Citation: Weaver J (2012) Single-Molecule Technique Links Structural Fluctuations of Proteins to Brain Diseases. PLoS Biol 10(5): e1001338. doi:10.1371/journal.pbio.1001338
Published: May 29, 2012
Copyright: © 2012 Janelle Weaver. This is an open-access article distributed under the terms of the Creative Commons Attribution License, which permits unrestricted use, distribution, and reproduction in any medium, provided the original author and source are credited.
Competing interests: The author has declared that no competing interests exist.
(Artistic rendering by Àngel Gómez-Sicilia and Abert Galera-Prat.)
Diseases such as Alzheimer's, Parkinson's, and Huntington's are characterized by a dramatic loss of neurons and are believed to be caused by the accumulation of neurotoxic proteins either inside or outside of cells. Although distinct neurotoxic proteins are implicated in various neurodegenerative disorders, they are thought to undergo a structural change that triggers protein aggregation and a series of events resulting in cell death. However, established techniques have made it challenging for scientists to determine the key conformational change at the molecular level that leads to disease.
In this issue of PLoS Biology, a team led by Mariano Carrión-Vázquez at the Cajal Institute used a novel approach to unmistakably identify specific structural conformations of individual molecules, thereby revealing how these conformations relate to cellular dysfunction in a range of neurodegenerative diseases. The researchers found that extremely stable molecular conformations in various neurotoxic proteins are associated with protein aggregation. Moreover, their results suggest that a single drug may be able to target shared structural features in these proteins, which could help to prevent or treat multiple neurodegenerative disorders.
By modifying existing protocols for a high-resolution biophysical technique known as atomic force microscopy (AFM)-based single-molecule force spectroscopy (SMFS), Carrión-Vázquez and his team achieved an unprecedented level of data quality, which allowed them to carefully examine the mechanical stability of molecular conformations in neurotoxic proteins. Using this tool, they measured the forces necessary to unfold the proteins by attaching one end of the proteins to a sharp tip and the other end to a surface, which stretched the proteins when the surface was pulled away from the tip. To avoid data contamination that has plagued past experiments, they inserted the proteins of interest into protective carrier proteins.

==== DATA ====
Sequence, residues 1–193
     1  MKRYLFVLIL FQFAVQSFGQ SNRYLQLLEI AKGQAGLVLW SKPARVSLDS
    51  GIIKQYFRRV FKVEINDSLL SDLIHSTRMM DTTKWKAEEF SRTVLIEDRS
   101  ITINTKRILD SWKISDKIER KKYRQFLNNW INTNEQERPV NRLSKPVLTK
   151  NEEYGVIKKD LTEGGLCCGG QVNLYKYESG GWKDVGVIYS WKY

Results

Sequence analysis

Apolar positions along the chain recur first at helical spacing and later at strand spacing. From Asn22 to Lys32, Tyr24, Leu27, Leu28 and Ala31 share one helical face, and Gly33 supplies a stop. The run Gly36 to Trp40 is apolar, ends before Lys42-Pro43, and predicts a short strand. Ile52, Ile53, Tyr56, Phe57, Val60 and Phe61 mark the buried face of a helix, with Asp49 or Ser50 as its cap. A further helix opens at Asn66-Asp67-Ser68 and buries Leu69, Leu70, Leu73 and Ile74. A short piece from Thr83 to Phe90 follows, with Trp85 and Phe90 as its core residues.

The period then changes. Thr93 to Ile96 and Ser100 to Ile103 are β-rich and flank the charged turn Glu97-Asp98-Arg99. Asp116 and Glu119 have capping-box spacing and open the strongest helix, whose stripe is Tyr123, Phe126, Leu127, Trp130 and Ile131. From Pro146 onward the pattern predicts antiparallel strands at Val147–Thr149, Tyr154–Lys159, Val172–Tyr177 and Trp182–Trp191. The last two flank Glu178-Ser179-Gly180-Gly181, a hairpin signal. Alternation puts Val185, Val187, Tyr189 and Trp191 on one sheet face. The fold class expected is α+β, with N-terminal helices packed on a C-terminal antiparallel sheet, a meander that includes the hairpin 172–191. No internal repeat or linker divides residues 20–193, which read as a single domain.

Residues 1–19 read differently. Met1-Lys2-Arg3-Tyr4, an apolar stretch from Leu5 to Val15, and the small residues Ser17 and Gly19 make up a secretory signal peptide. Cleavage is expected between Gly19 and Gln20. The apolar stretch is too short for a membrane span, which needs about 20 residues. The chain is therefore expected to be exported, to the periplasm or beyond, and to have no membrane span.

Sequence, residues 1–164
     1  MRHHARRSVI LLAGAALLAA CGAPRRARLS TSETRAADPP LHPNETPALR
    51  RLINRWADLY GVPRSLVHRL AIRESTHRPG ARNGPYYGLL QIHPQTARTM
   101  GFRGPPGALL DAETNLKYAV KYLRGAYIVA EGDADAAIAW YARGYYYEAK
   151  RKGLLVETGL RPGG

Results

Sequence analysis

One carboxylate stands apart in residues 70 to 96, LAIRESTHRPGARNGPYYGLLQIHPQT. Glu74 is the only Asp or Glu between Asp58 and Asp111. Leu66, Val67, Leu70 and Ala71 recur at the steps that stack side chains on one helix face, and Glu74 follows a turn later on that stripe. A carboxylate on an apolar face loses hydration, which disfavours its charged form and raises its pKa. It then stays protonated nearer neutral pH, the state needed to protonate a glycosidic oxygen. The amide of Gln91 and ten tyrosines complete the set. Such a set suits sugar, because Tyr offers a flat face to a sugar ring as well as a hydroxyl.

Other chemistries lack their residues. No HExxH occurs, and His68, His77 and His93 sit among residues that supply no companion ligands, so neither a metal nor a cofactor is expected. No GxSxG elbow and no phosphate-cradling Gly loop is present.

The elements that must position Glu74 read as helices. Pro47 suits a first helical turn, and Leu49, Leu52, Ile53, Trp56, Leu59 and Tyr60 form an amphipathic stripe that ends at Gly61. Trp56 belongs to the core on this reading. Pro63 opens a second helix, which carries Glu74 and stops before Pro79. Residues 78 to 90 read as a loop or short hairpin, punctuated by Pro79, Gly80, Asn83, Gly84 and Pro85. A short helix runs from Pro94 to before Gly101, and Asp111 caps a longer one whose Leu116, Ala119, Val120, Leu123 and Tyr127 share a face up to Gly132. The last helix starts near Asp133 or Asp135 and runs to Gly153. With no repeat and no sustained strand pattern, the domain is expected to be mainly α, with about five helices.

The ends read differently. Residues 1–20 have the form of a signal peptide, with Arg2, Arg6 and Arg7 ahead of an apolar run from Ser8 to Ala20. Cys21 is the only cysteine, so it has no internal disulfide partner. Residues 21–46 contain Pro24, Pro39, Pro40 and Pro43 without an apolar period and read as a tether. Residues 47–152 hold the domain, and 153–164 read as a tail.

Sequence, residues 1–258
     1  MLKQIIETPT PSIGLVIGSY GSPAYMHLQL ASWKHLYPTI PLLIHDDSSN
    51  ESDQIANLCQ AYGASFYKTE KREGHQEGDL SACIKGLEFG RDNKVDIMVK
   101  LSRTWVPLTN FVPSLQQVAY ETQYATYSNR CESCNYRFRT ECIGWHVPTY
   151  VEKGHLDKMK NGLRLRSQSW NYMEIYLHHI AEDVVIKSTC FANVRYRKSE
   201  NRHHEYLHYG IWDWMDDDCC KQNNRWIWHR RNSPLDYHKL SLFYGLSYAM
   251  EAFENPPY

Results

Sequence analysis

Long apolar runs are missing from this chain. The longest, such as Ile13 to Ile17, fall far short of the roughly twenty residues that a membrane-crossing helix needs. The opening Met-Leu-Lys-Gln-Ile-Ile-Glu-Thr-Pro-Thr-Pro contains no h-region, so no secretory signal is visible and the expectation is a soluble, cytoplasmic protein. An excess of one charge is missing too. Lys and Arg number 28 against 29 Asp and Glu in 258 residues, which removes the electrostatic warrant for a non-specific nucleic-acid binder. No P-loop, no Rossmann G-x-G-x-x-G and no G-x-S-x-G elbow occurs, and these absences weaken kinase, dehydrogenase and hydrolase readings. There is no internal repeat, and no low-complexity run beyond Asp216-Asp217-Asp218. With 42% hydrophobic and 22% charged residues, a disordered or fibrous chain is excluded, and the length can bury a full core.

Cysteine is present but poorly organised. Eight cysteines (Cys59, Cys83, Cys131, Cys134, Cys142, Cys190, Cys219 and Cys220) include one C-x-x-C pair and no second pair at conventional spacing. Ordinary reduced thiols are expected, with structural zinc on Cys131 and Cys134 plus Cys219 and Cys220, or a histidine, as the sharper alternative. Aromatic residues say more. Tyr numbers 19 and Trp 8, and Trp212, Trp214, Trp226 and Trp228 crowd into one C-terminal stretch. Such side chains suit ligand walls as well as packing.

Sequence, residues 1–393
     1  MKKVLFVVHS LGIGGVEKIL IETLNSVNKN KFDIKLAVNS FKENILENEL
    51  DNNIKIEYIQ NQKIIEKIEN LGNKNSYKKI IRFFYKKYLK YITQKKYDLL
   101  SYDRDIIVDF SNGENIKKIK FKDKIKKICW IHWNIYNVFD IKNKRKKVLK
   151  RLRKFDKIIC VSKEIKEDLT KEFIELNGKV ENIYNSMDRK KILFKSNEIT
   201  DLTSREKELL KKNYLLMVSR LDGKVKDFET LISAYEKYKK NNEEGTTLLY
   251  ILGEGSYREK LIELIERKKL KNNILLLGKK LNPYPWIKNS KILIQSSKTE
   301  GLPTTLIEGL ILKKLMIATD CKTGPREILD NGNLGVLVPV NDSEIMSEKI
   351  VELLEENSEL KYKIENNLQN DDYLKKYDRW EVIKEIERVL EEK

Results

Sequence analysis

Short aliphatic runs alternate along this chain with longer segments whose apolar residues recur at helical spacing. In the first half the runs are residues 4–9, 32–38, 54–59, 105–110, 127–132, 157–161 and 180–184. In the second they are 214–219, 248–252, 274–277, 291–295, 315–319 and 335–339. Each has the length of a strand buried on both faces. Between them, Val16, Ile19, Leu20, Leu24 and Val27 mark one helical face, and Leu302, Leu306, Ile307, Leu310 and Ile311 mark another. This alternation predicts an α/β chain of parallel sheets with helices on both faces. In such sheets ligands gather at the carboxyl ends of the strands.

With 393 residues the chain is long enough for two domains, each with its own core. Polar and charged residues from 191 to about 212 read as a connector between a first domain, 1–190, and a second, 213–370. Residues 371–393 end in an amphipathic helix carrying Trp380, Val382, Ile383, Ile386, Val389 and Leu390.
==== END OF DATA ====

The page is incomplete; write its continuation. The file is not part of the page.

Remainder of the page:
Using AFM-based SMFS, the researchers found a higher frequency of stable conformations in fatal proteins implicated in Alzheimer's, Parkinson's, Huntington's, and prion diseases than in nontoxic proteins. These structures were even more abundant in mutated proteins that are linked to the early onset and increased severity of disease. The structural stability of a small fraction of these conformations was the highest ever reported for any protein.
Moreover, the robust conformations were associated with protein aggregation, and these structures formed less frequently when the noxious proteins were exposed to a neuroprotective peptide that inhibits the abnormal accumulation of proteins. The sturdy conformations may mechanically jam the cell's protein-processing machinery, interfere with the breakdown of damaged or aggregated proteins, or otherwise stymie essential cell functions.
Based on their findings, Carrión-Vázquez and his collaborators suggest that extremely robust conformations are the primary cause of neurodegenerative disorders, so they could serve as ideal pharmacological targets as well as potential biomarkers for the early detection of disease. Their new approach opens the door to not only understanding the role of harmful protein accumulation in various conditions, but also developing effective therapeutic strategies.
Hervás R, Oroz J, Galera-Prat A, Goñi O, Valbuena A, et al. (2012) Common Features at the Start of the Neurodegeneration Cascade. doi:10.1371/journal.pbio.1001335